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A few weeks ago, my dad excitedly showed me a commercial he saw while browsing Disney+, which featured a Filipino family celebrating Christmas.

In true Disney fashion, the short animated ad told a heartwarming story about a girl who spends every Christmas with her immigrant grandmother. Every year, the two of them would mark the beginning of the Holiday season by creating a star-shaped lantern that they would hang in their house's window. As the little girl grew up, she eventually drifted apart from her grandmother to the point where she would prefer to go out with her friends on Christmas rather than spend one evening making her grandmother's traditional star-shaped lantern. However, all is mended when the girl decides to surprise her grandmother by making, hanging, and lighting up many star-shaped lanterns for her. With tears in her eyes, the lights remind the grandmother of her time in the Philippines as a little girl -- when all her neighbors would hang up their lanterns in anticipation of Christmas. 

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In the Philippines, this star-shaped lantern is called a PAROL, and it is the symbol of the Holiday season in the country. This tradition's origins are Catholic in nature, as the lantern's shape and light are meant to represent the Star of Bethlehem that guided the three wise men to the new-born baby Jesus. For some, hanging one in front of your house becomes a way of declaring to others that Jesus lives within the house and among the family members who occupy it. With this in mind, parols come in different sizes and colors, but Filipinos usually reserve their biggest and brightest parols to hang over their house.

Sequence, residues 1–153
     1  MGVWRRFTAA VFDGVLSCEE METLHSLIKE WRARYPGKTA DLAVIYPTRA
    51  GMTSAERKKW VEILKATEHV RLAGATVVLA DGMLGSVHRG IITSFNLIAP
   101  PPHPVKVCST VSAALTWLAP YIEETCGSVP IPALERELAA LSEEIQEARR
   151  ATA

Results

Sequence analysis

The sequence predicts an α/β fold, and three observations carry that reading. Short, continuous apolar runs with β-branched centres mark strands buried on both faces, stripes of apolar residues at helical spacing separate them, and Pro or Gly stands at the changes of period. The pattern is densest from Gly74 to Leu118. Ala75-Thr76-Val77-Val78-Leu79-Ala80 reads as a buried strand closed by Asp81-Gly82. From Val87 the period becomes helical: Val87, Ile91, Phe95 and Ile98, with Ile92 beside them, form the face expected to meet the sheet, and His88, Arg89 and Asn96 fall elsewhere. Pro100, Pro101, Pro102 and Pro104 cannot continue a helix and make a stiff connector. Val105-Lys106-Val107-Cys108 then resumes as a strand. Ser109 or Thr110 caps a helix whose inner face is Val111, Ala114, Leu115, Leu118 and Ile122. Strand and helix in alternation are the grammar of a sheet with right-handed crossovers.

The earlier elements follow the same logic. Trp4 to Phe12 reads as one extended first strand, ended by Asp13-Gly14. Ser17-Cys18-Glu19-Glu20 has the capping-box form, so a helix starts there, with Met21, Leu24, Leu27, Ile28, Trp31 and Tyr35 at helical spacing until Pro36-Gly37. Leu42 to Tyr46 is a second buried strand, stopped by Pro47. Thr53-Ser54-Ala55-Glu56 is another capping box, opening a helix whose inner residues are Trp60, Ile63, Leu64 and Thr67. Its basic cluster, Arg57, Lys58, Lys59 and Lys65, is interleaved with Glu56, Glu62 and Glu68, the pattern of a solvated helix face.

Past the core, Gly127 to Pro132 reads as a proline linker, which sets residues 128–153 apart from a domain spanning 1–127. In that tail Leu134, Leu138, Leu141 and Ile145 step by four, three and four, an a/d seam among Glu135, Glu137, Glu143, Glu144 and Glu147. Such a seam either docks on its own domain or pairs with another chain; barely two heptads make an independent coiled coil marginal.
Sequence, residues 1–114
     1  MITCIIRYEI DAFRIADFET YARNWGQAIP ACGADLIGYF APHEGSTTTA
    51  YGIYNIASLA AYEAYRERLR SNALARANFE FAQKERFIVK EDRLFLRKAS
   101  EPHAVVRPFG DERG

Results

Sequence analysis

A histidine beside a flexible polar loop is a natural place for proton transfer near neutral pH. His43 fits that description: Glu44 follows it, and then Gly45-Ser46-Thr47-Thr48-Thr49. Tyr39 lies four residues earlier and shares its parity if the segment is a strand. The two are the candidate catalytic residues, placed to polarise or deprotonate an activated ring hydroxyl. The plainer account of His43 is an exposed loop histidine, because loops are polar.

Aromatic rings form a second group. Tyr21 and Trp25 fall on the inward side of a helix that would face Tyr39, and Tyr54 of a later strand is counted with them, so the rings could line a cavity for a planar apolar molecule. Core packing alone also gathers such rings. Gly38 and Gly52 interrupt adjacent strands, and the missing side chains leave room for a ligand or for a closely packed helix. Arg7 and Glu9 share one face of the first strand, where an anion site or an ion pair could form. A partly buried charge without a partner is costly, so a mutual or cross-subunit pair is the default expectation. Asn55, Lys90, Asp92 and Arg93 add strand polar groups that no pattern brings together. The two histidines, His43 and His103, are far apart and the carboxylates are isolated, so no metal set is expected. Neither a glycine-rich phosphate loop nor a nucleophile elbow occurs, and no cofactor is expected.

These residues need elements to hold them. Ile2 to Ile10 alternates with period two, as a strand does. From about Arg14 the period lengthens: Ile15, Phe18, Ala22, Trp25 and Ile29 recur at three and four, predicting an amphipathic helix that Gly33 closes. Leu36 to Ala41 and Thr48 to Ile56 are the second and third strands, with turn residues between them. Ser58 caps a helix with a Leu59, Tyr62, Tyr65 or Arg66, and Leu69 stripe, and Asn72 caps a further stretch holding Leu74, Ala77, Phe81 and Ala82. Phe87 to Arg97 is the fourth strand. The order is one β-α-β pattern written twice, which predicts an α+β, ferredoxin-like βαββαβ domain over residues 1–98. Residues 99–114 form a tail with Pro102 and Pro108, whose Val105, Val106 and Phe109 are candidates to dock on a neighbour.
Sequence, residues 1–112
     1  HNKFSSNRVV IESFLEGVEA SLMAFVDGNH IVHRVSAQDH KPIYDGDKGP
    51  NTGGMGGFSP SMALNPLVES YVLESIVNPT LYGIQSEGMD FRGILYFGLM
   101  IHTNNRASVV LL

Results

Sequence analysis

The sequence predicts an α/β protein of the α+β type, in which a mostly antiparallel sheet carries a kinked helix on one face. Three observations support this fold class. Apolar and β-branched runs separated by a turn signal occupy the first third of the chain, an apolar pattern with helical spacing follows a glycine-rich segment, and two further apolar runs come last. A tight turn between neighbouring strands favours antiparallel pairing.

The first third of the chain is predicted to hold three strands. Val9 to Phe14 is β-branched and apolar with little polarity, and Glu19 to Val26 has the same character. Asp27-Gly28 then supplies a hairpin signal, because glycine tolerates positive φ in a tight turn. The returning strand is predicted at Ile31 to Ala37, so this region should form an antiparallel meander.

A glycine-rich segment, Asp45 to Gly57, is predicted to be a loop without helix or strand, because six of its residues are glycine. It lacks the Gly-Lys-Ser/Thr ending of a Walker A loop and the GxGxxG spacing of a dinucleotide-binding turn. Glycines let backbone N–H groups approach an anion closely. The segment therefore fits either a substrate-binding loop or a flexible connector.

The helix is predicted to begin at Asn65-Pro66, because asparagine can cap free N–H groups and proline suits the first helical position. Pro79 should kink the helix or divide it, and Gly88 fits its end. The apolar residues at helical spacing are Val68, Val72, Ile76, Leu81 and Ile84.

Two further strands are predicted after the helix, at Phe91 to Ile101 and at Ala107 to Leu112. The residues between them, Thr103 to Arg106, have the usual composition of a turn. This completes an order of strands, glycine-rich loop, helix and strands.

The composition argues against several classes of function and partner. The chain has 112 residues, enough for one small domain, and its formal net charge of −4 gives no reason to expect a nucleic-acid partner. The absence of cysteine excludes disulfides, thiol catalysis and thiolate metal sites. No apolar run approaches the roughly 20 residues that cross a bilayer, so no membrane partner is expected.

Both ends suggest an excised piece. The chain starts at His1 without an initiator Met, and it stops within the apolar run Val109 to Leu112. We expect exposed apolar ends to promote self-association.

During the Holiday season, there are also festivals in the Philippines that solely focus on celebrating and putting parols on display. One of the famous festivals we have is the Giant Lantern Festival in the province of Pampanga. There you will truly see how big and bright parols can get as well as the creativity that comes with conceptualizing, designing, and creating these ornaments. I still fondly remember the anticipation I felt when waiting for the sun to set so my family and I could visit one of these lantern festivals. These star-shaped lights are absolutely mesmerizing in the dark. Here are a couple of pictures, videos, and links that you can check out to see these parols in their full glory! 

[bf_image id="cj5xmts9nsvv23646w6j3jpz"] What I really liked about Disney's ad featuring parols is that it reflects my own experience as an immigrant celebrating Christmas in a foreign country. For many, the Holiday season is about tradition, family, and friends, and yet moving to another country in 2017 meant getting used to new practices that were so different from my own. While I kept an open mind and was eager to try new things, it was still saddening to think that I had left behind customs that defined what "Christmas" meant to me. And during that time, Christmas wasn't Christmas until my family and I hung up our parol. However, as my mom drove us to my grandparents' house to celebrate the Holidays, I saw that my grandmother had hung up a star-shaped lantern in front of their house. They were the only ones in the neighborhood with a parol, but that was enough.

Much like the girl and the grandmother in the ad, simply seeing the star-shaped lantern hang above my family's house was enough to make Christmas seem right and complete to me. 

Nyle De Leon

Cal Lutheran '21

Born and raised in the Philippines, and then moved to California, Nyle is CLU English major with a creative writing emphasis. She loves everything that has to do with language, whether it be reading, writing or speaking -- you name it, she loves it. If not writing for herself or others, Nyle can be found talking about her favorite stories and shows, creating decent art, and maybe ice skating.
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